A few decades ago, I was in Madison, USA, working on my doctoral thesis. The subject at hand fascinated me and I devoted a huge number of hours both on weekdays and at weekends. But there was another concern that was almost as important: finding a partner. So Friday night’s party was a must. You served yourself a beer, approached some particularly attractive girl, and started a conversation. It was going well until the fateful question came:
“And what are you working on?”
—I’m studying the secondary production of heterotrophic bacteria in the plankton of Lake Mendota.
The girl had heard all about Lake Mendota, because it was the largest lake in the city, where we all went swimming in the summer and ice skating in the winter. But she did not assimilate a single word from the rest of the sentence. I could see my mistake, my gross mistake, on the girl’s face. And the irreversible answer came:
End of conversation.
It took me a few months to find a way to prevent this dire ending. But once discovered, the response was a complete success:
“I am studying the sexual behaviour of bacteria in Lake Mendota,” became my answer.
The girl’s face was initially puzzled and then came the expected reply:
And from there the conversation became much more interesting.
This is precisely the problem that we scientists face when we try to convey to our family, friends and the general public the fascination, the enthusiasm for what we do, the beauty of what we study. We are usually unable to present our subject in a way that is attractive in the first place and secondly relatable to our audience. So this book is a unique contribution to dissemination. To use a topic that many of us are familiar with, football, to explain clearly and precisely an extraordinarily complex topic such as an epidemic, even more, if it is an epidemic of a new virus of which we know almost nothing, is a rare jewel.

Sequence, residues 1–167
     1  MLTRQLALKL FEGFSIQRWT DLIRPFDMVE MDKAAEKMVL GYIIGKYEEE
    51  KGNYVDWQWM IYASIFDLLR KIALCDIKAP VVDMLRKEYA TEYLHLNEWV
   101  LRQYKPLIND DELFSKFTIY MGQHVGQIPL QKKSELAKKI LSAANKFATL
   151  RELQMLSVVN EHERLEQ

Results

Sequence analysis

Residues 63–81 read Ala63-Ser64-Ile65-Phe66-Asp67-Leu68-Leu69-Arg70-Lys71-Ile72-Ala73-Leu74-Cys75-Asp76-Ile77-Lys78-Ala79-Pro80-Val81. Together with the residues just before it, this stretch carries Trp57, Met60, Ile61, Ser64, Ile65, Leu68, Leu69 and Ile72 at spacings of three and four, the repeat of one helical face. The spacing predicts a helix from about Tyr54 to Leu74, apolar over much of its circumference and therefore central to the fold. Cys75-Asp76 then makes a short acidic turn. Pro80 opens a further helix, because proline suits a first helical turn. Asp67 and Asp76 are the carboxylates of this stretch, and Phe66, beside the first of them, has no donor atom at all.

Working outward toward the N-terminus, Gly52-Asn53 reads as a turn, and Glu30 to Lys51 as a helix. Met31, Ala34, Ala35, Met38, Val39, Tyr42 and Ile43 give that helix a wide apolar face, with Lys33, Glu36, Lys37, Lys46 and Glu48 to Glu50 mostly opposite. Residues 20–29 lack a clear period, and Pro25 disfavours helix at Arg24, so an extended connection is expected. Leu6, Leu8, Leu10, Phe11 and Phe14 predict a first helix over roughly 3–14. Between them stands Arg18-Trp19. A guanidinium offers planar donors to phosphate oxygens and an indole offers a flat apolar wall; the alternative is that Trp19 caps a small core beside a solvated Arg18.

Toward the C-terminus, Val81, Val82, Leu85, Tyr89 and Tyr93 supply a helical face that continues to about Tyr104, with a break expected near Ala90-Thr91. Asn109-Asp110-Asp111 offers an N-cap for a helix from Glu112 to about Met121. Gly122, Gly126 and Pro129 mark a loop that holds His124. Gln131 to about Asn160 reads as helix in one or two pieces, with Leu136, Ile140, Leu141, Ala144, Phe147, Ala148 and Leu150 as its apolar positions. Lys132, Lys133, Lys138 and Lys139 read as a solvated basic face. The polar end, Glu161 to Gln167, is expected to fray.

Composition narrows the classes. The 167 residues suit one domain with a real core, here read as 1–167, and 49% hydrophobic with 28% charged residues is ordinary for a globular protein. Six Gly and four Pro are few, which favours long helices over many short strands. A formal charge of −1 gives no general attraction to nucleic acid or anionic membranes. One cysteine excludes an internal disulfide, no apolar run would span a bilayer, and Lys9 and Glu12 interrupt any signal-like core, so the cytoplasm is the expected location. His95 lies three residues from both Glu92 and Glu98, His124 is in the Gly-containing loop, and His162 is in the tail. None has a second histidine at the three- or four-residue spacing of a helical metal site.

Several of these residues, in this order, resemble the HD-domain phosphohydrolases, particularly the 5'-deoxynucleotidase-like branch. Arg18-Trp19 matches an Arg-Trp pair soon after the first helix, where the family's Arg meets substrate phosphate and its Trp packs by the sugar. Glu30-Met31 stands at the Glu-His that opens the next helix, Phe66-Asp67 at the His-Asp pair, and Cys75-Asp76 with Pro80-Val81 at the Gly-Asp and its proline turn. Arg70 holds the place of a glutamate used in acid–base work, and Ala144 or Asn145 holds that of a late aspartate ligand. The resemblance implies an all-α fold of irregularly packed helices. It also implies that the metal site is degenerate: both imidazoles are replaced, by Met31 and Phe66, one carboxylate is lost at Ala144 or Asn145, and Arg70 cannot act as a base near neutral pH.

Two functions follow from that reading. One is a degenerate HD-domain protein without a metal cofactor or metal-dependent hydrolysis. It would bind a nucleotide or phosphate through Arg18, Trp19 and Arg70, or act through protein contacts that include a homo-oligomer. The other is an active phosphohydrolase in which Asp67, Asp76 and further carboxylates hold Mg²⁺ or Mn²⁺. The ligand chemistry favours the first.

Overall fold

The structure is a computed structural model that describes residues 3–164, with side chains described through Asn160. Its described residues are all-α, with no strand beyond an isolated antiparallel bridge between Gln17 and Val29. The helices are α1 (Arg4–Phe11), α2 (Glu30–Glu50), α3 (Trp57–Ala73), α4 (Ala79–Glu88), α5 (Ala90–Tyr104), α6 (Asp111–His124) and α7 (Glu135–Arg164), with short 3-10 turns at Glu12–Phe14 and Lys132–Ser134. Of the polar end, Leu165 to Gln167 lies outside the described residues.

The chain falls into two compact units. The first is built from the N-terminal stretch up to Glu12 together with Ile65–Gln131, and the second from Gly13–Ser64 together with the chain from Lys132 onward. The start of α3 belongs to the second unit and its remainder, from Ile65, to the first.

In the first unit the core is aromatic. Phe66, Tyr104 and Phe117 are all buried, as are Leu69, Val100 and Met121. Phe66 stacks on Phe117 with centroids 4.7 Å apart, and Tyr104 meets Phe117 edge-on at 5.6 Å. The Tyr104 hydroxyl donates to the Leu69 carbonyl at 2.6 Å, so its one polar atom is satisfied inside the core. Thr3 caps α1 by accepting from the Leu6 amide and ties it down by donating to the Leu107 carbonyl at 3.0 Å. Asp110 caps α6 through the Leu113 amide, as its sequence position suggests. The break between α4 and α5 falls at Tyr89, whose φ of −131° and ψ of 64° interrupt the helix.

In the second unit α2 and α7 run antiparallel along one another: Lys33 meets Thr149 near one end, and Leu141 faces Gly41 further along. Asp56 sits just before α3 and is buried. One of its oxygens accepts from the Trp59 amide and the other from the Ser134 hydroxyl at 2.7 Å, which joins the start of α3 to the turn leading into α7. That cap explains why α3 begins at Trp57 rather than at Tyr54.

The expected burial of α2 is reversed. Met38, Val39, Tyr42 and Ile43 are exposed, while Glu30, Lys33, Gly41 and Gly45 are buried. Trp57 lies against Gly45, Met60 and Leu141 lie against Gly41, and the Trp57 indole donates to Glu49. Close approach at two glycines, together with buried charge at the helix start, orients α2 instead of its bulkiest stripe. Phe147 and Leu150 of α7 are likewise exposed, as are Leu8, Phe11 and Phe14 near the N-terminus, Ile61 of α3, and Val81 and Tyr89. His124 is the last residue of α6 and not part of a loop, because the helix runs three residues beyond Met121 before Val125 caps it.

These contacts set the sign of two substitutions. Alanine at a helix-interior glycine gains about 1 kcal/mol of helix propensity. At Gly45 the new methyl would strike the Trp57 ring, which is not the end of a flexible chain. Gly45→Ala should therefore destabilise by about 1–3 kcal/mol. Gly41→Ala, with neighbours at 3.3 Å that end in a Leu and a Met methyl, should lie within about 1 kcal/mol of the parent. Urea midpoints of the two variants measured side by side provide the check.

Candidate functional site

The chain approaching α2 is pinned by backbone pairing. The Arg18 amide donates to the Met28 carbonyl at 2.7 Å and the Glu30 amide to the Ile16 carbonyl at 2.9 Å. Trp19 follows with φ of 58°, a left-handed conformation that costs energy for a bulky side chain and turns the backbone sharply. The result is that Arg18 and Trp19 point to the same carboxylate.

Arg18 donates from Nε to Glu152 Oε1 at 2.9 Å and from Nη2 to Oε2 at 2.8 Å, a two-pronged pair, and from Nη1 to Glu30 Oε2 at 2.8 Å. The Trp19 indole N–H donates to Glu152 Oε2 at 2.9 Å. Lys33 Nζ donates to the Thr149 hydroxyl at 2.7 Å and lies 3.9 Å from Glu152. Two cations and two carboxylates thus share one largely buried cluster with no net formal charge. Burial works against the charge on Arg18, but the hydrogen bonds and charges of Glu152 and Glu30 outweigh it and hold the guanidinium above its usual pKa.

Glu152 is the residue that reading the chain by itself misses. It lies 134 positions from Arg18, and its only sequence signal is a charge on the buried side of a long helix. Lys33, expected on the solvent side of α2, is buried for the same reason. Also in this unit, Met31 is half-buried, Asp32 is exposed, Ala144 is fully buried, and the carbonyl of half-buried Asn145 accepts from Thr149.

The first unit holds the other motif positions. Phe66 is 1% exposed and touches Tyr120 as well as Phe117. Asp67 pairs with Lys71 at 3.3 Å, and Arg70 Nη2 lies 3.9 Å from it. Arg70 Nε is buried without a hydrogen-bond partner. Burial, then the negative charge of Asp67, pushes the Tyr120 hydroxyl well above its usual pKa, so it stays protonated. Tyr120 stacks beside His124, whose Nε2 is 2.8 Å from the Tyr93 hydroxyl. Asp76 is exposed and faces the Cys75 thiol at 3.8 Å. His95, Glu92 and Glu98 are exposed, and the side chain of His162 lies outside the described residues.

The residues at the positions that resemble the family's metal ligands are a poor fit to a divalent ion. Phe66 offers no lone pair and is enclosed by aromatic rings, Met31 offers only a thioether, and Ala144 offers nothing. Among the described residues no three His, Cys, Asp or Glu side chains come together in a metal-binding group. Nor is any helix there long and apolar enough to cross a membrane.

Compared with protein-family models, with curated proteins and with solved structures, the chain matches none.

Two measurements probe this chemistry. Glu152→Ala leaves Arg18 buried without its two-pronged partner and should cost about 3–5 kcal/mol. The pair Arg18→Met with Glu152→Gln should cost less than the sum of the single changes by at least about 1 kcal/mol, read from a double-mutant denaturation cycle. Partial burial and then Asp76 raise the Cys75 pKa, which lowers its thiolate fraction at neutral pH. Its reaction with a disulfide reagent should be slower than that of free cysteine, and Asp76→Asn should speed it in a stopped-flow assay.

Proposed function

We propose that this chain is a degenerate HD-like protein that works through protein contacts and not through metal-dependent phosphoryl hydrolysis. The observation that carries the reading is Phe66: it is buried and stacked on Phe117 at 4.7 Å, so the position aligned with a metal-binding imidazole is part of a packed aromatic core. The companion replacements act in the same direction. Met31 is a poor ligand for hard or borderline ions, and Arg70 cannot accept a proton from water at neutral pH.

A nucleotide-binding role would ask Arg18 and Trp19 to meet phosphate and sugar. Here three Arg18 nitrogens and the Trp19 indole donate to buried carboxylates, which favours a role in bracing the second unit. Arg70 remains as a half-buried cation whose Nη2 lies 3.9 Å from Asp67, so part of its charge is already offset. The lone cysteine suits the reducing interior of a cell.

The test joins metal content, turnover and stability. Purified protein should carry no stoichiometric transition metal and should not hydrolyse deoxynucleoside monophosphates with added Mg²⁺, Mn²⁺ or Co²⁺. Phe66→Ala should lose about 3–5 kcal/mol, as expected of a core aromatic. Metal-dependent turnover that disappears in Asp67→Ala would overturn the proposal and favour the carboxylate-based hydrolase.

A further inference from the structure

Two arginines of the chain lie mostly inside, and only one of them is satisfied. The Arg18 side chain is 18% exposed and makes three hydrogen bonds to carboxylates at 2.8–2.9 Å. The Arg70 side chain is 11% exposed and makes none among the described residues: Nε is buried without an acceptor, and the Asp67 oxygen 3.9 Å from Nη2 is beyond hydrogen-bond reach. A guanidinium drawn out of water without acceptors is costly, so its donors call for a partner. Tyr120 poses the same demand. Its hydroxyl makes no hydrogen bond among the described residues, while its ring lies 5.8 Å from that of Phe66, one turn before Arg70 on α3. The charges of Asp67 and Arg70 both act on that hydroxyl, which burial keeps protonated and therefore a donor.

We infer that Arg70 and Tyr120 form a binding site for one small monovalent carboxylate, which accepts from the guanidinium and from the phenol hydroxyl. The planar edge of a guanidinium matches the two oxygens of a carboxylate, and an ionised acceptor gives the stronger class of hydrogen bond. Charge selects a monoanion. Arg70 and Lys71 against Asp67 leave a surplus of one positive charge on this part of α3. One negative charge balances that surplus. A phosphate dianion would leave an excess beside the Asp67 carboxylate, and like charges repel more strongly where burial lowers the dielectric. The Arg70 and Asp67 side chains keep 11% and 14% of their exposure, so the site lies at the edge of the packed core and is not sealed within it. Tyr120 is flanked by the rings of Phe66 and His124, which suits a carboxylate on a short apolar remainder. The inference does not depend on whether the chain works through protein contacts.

The reader will learn many useful things such as why you should wash your hands, what is the difference between the different tests to detect the virus, the characteristics of different masks and many other things. However, these are always accompanied by images of football. The differences between very effective and less effective forwards serve to compare the infectivity of different viruses. The fearsome penalty shoot-outs help to compare the different tests to detect the virus. Monchi’s fantastic signings at Sevilla help us understand the false negatives that many tests have. Almost any aspect of football has its equivalent in the coronavirus.
The subject is treated with a certain irony that makes the tragedy that we are living more bearable. It is a style completely removed from the bold statements of rulers and opposition, of politicians locked in their fights, of media scientists bloated from their huge egos, of celebrities opining without having the remotest idea of how epidemics work, of ignoramuses who recommend absurd treatments. Everything is told with the simplicity and humility of the researcher who is aware that we know much less than we imagine, that prudence is essential, but that step by step, with well-conducted experiments, we move forward safely towards solving the problem. The author combines irony and rigour with respect for the suffering of affected human beings, which results in some emotional passages. Now, that’s a very difficult balance to achieve. The text conveys an attitude of confidence in research, respect for human beings and for biology, and prudence. A sage attitude essential in times of pandemic.
Research professor at the CSIC at the National Centre for Biotechnology, scientific disseminator and writer.
City of Barcelona Scientific Research Award, member of the American Academy of Microbiology, member of the International Committee for Marine Microbes (ICoMM), representative of Spain on the European Polar Board and member of the Spanish committee of the Scientific Committee for Antartic Research (SCAR).